Henry Ruggs III never broke his stride as he watched Tua Tagovailoa run the mesh point with Najee Harris. He knew the first play of Saturday’s game could come to him if Tagovailoa chose such, and with this play solidly in the script, he knew for days he could be in this situation.
Tagovailoa chose Ruggs III. He pulled and fired to Ruggs III, running to the wide side of the field. Ruggs III looked forward and saw nothing but grass.
Immediately, he feared the reaction of his fellow wide receivers should something go wrong.
“I knew when I saw green grass, I was like, ‘Yeah I got to outrun everybody now.’ I felt somebody tip the back of my foot and the first thing in my mind was, ‘If I get caught they’re going to mess with me.’”
Seventy-five yards later, Ruggs III was far from the subject of ridicule. He was scoring one of his two touchdowns in the University of Alabama football team’s 62-10 route of New Mexico State. Ruggs III ultimately accounted for 141 yards, 66 of them from four catches and 75 of them later counted as a rush on that touchdown. After further review, the pass was deemed to be lateral, thus counted as a run and not a completed pass.
“It just shows that I’m more versatile that I’ve got a 75-yard rush,” Ruggs III said through a smile. He did play a couple of games of running back in high school: his days of playing that position are clearly over, but for a day, his stats beg to differ.
Ruggs III was still plenty effective at his primary discipline, catching four passes in the game after getting just two against Duke last week. He recognizes opportunities are not easy to come by in UA’s receiving corps, where the talent is deeper and more prolific than nearly anywhere else in college football, and he adjusts his approach accordingly.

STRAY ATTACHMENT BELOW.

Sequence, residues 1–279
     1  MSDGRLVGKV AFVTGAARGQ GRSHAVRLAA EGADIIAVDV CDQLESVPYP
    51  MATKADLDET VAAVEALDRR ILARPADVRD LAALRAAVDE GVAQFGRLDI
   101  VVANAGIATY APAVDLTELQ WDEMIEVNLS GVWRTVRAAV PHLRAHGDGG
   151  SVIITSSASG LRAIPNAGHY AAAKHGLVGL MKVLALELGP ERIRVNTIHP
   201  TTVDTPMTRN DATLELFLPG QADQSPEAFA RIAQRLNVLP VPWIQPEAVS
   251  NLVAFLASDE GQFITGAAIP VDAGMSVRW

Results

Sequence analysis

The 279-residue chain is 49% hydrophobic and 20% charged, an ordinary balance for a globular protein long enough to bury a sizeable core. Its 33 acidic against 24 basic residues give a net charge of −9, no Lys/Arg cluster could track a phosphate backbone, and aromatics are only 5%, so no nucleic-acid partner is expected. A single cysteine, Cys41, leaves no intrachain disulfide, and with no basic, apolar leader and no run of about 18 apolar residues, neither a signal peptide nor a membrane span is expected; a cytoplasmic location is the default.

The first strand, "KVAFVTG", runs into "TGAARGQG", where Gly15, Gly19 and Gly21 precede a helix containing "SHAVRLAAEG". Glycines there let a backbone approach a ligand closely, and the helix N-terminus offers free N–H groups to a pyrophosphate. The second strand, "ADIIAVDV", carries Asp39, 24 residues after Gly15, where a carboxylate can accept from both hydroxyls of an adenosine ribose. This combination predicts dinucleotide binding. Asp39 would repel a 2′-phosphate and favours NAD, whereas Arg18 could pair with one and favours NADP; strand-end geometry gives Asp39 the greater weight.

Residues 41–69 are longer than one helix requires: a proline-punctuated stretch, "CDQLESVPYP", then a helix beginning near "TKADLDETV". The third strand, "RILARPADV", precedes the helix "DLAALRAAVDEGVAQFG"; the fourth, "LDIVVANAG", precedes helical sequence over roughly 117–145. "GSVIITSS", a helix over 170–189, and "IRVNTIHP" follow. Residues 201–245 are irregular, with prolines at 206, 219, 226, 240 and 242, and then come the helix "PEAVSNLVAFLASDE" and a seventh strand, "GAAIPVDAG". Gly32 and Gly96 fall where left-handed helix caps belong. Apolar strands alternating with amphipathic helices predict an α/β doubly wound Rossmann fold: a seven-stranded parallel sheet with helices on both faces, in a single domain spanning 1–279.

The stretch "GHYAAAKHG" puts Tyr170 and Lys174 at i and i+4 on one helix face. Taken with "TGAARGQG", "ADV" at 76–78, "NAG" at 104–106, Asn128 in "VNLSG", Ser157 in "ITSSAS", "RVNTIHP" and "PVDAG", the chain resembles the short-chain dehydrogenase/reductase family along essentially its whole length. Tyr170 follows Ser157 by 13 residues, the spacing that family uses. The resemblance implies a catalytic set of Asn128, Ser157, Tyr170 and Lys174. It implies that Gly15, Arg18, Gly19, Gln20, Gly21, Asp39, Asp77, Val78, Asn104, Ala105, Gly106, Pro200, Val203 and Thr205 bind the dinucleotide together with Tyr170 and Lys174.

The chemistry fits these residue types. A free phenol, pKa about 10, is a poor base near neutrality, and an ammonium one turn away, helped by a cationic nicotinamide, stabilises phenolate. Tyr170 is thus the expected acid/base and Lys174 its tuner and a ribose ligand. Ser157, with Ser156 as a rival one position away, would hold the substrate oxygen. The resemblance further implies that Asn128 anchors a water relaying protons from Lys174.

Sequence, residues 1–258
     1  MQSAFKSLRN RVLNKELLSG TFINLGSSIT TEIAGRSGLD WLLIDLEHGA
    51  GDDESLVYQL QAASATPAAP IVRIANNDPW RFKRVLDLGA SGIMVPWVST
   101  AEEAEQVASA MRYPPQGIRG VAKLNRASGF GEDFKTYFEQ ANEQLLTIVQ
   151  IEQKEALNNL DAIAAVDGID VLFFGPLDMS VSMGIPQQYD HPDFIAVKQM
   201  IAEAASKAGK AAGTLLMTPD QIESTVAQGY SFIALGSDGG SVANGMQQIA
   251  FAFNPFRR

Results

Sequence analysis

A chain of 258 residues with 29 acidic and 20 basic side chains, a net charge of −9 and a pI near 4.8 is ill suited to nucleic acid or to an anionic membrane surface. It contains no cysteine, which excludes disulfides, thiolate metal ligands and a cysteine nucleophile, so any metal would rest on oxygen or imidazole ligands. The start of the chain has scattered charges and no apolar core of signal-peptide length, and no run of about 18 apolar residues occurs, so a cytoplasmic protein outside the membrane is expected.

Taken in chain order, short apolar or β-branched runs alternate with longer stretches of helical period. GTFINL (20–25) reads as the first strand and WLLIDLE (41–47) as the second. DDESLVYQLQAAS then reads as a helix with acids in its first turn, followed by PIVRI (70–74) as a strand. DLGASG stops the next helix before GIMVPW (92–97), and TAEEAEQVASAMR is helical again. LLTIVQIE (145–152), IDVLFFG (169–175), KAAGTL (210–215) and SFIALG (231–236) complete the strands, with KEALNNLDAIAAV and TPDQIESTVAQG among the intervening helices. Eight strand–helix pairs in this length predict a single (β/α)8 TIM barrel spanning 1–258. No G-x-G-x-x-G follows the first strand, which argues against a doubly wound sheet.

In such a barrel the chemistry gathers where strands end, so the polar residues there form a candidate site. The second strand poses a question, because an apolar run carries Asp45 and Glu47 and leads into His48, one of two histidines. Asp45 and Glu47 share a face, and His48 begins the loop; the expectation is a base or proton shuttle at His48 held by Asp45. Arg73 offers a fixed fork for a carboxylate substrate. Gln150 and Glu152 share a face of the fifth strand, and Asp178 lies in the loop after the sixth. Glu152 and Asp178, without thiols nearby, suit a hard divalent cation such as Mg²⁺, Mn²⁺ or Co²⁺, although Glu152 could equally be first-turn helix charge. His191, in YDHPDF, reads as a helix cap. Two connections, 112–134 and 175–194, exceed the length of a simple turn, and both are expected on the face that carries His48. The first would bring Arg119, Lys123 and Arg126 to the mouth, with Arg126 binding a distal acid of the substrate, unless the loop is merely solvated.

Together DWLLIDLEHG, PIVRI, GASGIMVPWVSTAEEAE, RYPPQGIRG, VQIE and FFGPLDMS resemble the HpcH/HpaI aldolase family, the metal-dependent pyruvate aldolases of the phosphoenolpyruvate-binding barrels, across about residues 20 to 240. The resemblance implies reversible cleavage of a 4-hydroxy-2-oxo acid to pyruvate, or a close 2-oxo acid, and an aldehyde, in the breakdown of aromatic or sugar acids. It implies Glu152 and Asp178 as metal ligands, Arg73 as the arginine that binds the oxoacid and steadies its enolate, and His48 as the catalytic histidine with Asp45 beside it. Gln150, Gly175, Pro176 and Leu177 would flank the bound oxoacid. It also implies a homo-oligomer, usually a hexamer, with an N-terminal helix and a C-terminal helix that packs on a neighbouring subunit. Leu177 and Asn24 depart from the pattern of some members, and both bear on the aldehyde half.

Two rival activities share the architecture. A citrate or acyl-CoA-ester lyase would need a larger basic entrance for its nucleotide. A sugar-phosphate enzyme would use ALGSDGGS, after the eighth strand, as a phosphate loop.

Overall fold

“I’m big on opportunities: when you get your opportunity, you got to make the most of it,” Ruggs III said. “With the guys we have in our room, the whole room can get the ball at any time and anybody can have their day and make plays. We’re happy for one another when we make plays and when it’s your turn, you got to do what you got to do.”
When it came to Ruggs III’s biggest play of the game, he got help from the rest of the crew.
“All credit goes to the other receivers: (Jerry) Jeudy got a good block so he pretty much had the inside sealed, and I was reading (DeVonta Smith’s) block,” Ruggs III said.
As much as the receivers may take away from one another at times, there is more than one case to be made that they help each other. The first play of a blowout win, one that made Ruggs III the hero, is evidence, but New Mexico State coach Doug Martin saw more of it throughout as UA (2-0) racked up 603 yards of offense, 9.3 yards per play.
“What makes them so dangerous is they’re so balanced,” Martin said. “They’ve got a lot of weapons. And (Tagovailoa)’s just so accurate throwing the ball, and that’s what makes the receivers so deadly is because when it’s man coverage or something like that, he’s so accurate with the football that they don’t have to slow down to catch it. They get it on a dead run, and they’re hard to get down.”
Reach Brett Hudson at 205-722-0196 or email@example.com or via Twitter, @Brett_Hudson